Even though Pfizer (NYSE:PFE) and Moderna (NASDAQ:MRNA) have won Emergency Use Authorization (EUA) for their respective COVID-19 vaccines, clinical studies of the vaccines are still ongoing. One key issue about these studies came up during the U.S. Food and Drug Administration (FDA) advisory committee review of Moderna's EUA submission. In this Motley Fool Live video recorded on Dec. 18, 2020, healthcare and cannabis bureau chief Corinne Cardina and Fool.com writer Keith Speights discuss the one major dilemma Moderna and Pfizer face with their COVID-19 vaccine trials.

Corinne Cardina: Keith, let's talk about some of the things that came up in this advisory panel. It was actually something that Dr. Gellin discussed, is what I want to start with. Unblinding. This is an interesting ethical question.

When you do have all these volunteers who gave their time and donated themselves to be part of these trials, then the FDA comes in and says, "Yeah, it's effective." These people are walking around in the world, and they're not vaccinated. So can you talk a little bit about what "unblinding the placebo arm" means and where the FDA stands on this?

Keith Speights: Sure. So these studies are what are called double-blinded studies. What that means is that the participants in the studies don't know whether or not they're receiving the actual vaccine or receiving placebo. Neither do the healthcare professionals administering the vaccines. They don't know it either.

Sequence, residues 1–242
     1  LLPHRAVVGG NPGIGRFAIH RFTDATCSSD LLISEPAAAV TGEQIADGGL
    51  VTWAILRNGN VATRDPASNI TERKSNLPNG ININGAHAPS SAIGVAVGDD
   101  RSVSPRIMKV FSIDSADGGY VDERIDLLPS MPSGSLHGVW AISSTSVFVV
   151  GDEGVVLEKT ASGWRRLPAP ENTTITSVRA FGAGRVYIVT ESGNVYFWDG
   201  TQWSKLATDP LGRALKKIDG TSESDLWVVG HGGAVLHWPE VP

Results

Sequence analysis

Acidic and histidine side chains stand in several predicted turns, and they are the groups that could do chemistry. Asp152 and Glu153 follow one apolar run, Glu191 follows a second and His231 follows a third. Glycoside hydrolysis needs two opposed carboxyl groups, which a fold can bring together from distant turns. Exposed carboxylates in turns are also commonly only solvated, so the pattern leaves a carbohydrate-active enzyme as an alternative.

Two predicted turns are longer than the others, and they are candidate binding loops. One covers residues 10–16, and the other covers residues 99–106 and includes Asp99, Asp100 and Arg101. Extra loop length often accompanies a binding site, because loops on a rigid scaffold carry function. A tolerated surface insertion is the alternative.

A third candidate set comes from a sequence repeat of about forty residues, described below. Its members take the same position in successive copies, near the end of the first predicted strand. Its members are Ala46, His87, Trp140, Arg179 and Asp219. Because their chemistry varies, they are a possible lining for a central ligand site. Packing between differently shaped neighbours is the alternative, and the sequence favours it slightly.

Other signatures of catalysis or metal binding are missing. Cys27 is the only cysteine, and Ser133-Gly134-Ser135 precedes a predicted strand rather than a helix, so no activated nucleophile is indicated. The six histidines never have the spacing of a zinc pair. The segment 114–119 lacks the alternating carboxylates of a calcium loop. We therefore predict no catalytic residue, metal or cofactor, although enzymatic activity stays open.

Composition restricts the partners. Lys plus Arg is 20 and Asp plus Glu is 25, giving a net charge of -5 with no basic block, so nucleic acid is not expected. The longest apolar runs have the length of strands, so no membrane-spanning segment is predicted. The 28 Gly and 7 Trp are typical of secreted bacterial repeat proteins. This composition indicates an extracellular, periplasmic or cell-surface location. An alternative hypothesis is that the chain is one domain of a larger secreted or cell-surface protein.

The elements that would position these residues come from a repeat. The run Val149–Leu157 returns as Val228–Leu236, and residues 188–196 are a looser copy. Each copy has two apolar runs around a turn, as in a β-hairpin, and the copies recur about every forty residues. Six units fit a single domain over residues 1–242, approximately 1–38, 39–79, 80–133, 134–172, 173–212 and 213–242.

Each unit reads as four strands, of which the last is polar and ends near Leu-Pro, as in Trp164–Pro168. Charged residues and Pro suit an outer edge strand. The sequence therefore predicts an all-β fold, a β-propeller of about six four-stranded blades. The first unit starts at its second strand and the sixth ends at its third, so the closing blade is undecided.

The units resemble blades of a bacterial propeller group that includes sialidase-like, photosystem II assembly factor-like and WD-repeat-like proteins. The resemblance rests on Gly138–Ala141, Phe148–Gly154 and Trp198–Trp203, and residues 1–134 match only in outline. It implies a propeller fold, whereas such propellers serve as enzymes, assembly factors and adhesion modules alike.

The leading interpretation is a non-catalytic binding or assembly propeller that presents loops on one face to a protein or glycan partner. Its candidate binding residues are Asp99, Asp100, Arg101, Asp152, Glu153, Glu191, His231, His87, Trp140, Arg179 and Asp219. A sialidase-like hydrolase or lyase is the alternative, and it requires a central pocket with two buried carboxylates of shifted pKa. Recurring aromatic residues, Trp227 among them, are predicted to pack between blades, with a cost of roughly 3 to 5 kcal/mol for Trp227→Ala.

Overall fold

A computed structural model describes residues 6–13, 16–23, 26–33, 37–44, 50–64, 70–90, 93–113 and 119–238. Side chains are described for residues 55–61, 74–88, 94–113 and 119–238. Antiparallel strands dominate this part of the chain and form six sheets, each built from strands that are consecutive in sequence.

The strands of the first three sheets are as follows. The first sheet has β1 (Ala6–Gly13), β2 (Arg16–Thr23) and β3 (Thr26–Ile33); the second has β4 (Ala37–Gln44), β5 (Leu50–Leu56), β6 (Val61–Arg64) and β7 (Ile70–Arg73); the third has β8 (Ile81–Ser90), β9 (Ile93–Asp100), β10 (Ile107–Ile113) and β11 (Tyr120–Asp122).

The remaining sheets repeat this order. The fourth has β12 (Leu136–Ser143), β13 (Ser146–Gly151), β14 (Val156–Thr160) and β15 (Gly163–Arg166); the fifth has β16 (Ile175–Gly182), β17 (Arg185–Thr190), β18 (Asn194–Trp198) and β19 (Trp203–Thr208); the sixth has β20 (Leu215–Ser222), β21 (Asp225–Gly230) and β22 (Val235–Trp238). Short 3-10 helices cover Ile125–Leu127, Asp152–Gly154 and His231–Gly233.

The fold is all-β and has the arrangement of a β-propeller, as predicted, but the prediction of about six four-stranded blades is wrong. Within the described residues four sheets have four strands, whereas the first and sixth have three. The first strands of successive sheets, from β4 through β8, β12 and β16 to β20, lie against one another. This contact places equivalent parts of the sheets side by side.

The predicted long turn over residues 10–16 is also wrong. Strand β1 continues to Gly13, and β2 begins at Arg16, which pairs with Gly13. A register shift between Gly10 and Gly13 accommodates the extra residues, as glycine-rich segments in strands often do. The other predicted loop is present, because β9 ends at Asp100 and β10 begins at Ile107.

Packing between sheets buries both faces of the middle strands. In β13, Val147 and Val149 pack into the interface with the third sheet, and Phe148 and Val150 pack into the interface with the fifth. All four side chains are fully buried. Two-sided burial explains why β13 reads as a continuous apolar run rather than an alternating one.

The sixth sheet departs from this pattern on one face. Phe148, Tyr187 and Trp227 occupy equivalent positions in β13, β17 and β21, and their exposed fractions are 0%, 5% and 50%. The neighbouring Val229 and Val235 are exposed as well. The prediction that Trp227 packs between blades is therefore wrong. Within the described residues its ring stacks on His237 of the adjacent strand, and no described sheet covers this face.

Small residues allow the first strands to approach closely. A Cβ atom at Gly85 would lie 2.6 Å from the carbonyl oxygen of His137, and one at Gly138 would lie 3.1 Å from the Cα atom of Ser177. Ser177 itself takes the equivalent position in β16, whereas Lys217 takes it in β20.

The reason why it's set up that way is that prevents any bias from creeping in. There can be this placebo effect where you think you're getting a medication or a vaccine, and it causes your responses to be better than they ordinarily would. So that's why they do this double-blinding.

So the issue here is, all right, now we know that Moderna's vaccine, it appears to be safe and effective, highly effective. If you're in this study and it turns out that you received the placebo and not the vaccine, you really don't want to be walking around, like you said, Corinne, not being able to get the vaccine.

So what Moderna's wanting to do is they want to give the access immediately to these participants who were receiving the placebo. If they want to, that they could go ahead and get the actual vaccine. The FDA has a little dilemma there because they want to get more data. They want to study the effects of the vaccine versus people who didn't take the vaccine for a longer period of time. They're, I guess, more skittish about going along with Moderna's plans.

You're right, it's an ethical dilemma because people, they deserve to be able to choose whether or not they get this vaccine or not. I think it could be detrimental to future studies if participants who end up being in a placebo group don't have that option because I think it can make people in the future less likely to want to participate in these studies.

Corinne Cardina: Absolutely. There's pros to unblinding, there's cons to unblinding, so that will definitely be something to keep an eye on.

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